THIS VIDEO IS NO LONGER AVAILABLE. I WILL TRY AND FIND IT AT ANOTHER LINK.
A classically trained musician, Ansel Adams thought of his negatives as the score and his work in the darkroom as the performance. He would “interpret” his negatives differently, “dodging” and “burning” during the printing process to create a more dramatic image. In this short video you get to watch the master at work.
During the printing process the longer light hits the surface of the print, the darker it gets. Dodging is holding back the light so it doesn’t hit part of the print during part of the exposure process, making that area of the print lighter. Burning is the opposite, allowing the light to hit part of the print longer so that area of the print ends up darker. Dodging and burning increases the contrast of the print, the range of light to dark tones.
Digital photographers use Levels and Curves in Photoshop, Elements, and other software to increase contrast in their photographs. And there are digital ways to dodge and burn selective areas of the image to make them lighter and darker.
On four successive mornings Adams tried to take this photograph from the east side of the Sierra. On the fifth day it was still dark and bitterly cold when he set up his camera on the new platform on top of his car and retreated to the warm interior. As dawn drew near, he returned to the camera to await the sun’s first rays on the meadow. “I finally encountered the bright, glistening sunrise with light clouds streaming from the southeast and casting swift moving shadows on the meadow and dark rolling hills.” At the last possible moment, the horse turn to offer a profile view. Many years later he wrote “Somethings I think I do get to places just when God’s ready to have somebody click the shutter!” (Photo note from the Ansel Adams Gallery.)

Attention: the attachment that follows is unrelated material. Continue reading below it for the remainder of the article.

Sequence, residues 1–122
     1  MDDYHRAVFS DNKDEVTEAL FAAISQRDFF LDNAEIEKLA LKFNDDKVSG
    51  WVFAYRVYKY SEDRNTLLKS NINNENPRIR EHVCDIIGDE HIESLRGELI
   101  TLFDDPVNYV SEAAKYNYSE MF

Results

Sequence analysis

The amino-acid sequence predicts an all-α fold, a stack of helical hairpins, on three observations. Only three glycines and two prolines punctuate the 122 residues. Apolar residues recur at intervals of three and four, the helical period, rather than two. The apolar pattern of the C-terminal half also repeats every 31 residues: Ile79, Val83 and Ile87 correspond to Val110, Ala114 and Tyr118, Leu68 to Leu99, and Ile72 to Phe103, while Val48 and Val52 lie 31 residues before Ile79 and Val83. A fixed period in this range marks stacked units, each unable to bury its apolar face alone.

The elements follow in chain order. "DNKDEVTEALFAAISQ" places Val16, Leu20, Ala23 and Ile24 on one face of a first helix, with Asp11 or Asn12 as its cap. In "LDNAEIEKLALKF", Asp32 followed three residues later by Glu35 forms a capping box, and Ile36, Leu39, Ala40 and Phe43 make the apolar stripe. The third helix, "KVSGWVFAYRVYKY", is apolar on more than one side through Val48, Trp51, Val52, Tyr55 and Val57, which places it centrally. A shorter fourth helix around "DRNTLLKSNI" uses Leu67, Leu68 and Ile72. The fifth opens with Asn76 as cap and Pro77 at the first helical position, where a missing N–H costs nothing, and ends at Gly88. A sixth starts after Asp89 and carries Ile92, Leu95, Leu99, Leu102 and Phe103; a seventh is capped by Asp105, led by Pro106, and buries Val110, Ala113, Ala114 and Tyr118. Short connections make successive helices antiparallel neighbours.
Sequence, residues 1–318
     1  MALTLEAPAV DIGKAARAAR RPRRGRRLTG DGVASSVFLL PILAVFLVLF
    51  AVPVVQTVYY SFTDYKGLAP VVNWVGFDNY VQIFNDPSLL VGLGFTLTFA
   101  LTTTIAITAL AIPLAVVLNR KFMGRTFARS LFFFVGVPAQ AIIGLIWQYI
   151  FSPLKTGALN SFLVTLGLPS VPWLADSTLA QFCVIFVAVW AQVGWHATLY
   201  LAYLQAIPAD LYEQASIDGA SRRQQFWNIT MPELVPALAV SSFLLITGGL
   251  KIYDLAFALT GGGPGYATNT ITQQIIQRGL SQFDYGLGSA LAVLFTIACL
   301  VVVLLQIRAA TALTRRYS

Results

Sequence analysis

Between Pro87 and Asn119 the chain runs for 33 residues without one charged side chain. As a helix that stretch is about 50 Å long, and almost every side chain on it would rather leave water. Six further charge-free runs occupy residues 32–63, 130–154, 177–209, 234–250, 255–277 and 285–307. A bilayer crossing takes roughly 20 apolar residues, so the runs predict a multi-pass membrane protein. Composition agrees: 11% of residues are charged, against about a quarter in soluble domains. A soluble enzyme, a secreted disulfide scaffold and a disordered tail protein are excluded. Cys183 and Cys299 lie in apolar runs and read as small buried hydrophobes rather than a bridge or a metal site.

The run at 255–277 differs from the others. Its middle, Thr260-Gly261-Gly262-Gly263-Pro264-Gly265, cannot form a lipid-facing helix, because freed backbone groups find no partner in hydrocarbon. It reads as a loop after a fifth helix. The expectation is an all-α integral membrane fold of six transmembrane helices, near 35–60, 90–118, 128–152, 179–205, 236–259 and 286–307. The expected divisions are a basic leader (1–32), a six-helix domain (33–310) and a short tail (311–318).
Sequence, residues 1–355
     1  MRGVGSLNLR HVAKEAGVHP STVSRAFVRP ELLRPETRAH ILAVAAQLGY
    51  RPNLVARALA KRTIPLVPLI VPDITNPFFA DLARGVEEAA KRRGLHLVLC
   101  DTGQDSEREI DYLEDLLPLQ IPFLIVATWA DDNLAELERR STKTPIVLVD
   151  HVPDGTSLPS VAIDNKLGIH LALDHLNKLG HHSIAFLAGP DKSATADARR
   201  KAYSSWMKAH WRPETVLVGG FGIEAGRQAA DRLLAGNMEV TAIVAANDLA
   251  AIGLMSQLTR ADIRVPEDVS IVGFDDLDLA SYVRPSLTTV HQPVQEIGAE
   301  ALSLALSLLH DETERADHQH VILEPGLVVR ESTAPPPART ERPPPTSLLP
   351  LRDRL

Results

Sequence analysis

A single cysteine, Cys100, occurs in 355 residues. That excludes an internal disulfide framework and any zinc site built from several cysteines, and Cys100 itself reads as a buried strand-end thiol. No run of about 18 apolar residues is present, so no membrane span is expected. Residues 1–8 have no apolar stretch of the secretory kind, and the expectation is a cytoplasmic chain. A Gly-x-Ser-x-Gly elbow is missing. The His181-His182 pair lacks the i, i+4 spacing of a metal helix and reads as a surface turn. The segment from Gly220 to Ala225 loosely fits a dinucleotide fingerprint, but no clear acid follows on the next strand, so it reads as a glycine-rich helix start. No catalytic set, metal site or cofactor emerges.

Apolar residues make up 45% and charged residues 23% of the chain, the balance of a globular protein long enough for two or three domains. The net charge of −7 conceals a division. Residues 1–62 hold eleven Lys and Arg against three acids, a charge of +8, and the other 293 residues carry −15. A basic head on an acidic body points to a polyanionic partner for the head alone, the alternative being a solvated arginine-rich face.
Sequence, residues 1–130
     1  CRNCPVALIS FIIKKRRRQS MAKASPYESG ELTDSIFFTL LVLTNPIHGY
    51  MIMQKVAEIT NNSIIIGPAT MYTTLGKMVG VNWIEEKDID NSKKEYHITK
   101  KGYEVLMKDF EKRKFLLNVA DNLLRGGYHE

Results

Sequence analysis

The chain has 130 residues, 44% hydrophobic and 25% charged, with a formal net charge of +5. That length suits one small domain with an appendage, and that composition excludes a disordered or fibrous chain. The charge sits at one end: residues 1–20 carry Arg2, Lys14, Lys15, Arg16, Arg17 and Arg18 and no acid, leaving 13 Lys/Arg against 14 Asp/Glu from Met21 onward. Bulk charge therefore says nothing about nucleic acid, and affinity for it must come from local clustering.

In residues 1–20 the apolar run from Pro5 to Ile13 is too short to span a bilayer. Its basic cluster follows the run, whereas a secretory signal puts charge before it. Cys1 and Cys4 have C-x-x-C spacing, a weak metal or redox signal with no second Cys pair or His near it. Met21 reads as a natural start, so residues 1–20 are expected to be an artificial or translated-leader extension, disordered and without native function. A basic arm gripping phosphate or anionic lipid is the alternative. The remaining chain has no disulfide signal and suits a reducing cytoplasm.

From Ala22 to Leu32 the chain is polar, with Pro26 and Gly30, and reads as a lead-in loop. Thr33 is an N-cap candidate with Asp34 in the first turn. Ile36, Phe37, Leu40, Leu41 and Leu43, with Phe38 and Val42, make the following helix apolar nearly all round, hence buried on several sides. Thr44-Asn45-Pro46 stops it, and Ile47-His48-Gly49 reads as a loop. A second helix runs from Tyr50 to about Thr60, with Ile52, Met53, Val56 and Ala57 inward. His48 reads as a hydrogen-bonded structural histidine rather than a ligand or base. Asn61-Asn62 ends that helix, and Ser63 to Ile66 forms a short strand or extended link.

Originally posted Sep. 23, 2014. Revised, expanded, and re-posted Feb. 22, 2017.
A brief biography of Adams’ life at the Yosemite National Park web site.
Ansel Adams Gallery. Buy posters and reproductions of Adams’ work ($20-30), archival replicas (starting at $129), and vintage, rare originals that were printed by Adams (these cost thousands of dollars). You can also get “Yosemite Special Edition Photographs” that are individually hand printed by Alan Ross from Adams’ original negatives (currently $325). The gallery also sells works by other photographers.